Globalization means business borders have shifted dramatically, aided in large part by the speed of modern travel and the instant nature of online transactions. With this new era comes an ever-increasing amount of companies that have moved overseas to avoid taxes and enjoy lower operating costs.
Different countries offer different tax incentives, different labor laws and different logistical advantages; companies look for nations that can offer them winning savings and strong logistics for expanding their operations.
There’s what a company may want to do to improve its outlook — like lowering taxes and other overhead — versus what it may need to do, like create operations in different countries for logistical reasons. Most large companies have shareholders to whom they must be accountable, so they feel it’s necessary to lower costs as much as possible to generate the largest profit possible. This is often a motivation behind expanding to other nations or just flat-out moving to them.
Overseas operations and outsourced operations have skyrocketed since the 1980s. Much of this is because of the profitability of doing so, which makes money a definite “pro”. Beyond money, though, the ups and downs include:
Logistics: Shipping options, shipping speed, accessibility with materials and even weather and seasons are all big considerations for moving abroad. Car manufacturers, for instance, have operations worldwide, with their plants seen as major labor coups in those regions. Companies that have moved production overseas can benefit by having lax labor laws, easier shipping procedures and much more.
Quid Pro Quo: "You scratch my back, I'll scratch yours" is a common refrain in business dealings. Sometimes, gaining access to a large market may require extremes, like opening a factory. In places like China or India, whose populations total a third of the people on earth, the government may stipulate trade there requires creating jobs in exchange for market access and favorable tariffs.
Fewer regulations: Being compliant with environmental laws, safety protocols and labor codes is a pricey business; operating abroad can dramatically reduce such headaches for companies since OSHA, the EPA and other government entities have no jurisdiction beyond the U.S.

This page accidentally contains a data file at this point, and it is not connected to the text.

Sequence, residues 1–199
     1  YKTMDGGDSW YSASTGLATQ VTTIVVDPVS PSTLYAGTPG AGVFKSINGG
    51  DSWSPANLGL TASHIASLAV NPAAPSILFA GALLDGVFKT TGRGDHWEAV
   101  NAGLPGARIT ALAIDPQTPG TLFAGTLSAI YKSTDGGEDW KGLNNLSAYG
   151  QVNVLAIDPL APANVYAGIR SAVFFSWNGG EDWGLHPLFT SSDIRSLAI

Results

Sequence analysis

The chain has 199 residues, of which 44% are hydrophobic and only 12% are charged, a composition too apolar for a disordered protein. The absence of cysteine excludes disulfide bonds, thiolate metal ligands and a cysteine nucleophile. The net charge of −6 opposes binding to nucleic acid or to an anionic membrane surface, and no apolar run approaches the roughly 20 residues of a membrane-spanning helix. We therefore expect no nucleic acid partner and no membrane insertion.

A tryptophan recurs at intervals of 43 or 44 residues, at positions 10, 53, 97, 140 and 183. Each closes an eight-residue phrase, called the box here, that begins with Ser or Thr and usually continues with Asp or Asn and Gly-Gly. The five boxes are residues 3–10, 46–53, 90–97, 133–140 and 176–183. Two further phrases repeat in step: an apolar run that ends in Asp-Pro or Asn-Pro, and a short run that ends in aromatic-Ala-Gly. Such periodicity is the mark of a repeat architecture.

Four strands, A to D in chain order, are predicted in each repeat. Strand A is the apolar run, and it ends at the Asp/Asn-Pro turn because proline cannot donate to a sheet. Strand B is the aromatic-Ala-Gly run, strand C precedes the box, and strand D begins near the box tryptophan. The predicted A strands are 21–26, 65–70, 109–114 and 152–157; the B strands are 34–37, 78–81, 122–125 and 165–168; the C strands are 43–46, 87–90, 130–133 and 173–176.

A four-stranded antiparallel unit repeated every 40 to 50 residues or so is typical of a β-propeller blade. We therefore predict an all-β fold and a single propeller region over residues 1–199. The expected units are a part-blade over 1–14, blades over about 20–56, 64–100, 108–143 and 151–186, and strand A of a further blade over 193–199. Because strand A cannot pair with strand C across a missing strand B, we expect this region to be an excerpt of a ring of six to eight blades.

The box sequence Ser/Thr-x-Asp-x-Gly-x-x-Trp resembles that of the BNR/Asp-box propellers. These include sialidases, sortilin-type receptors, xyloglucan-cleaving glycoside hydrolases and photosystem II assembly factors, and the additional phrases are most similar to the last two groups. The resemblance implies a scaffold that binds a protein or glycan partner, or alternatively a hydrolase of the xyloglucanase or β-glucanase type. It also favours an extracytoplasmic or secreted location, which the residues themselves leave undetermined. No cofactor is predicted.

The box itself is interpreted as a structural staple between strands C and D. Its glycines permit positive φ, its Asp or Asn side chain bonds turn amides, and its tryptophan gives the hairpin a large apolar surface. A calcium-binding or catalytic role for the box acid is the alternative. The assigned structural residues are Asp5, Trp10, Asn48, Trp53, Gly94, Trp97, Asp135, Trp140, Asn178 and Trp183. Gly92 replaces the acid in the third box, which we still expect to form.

Tax & Other Incentives: In 2014, Burger King made a strategic move and paid $11 billion to buy Canadian chain Tim Horton’s, then moved their headquarters to Canada. With no capital gains and other incentives, Burger King would save an estimated $1.2 billion in just three years, prompting a tax watchdog to call it a “whopper of a tax dodge”. But there is no way to argue against the allure of such a steep tax savings, which motivates many companies to look beyond the American horizon for greener tax pastures.
Perception: When Burger King shifted to Canada, it was perceived by many as an act of betrayal — highly unpatriotic. Burger King may once have been an American company, but with over 18,000 Burger King stores in over 120 countries, it’s now global. But staying favorable in America is critical for global success.
Cost: After things are running well, savings may come, but getting there is costly when opening new operations, learning relevant tax codes and even greasing all the bureaucratic wheels that must turn before such enterprises can get going.
It’s Complicated: In foreign markets, business practices are different — as are cultural norms, laws and regulations. Political situations can drastically impact business outcomes. Economic collapse in Venezuela has complicated matters for companies like Ford, with factories there, and their governments may not be positioned to financially help alleviate such chaos. Beyond all that is the political corruption rampant in so many countries, plus potentially slow bureaucracy, the need for bribery and much more, all which are simply dismissed as "the cost of doing business" in such places.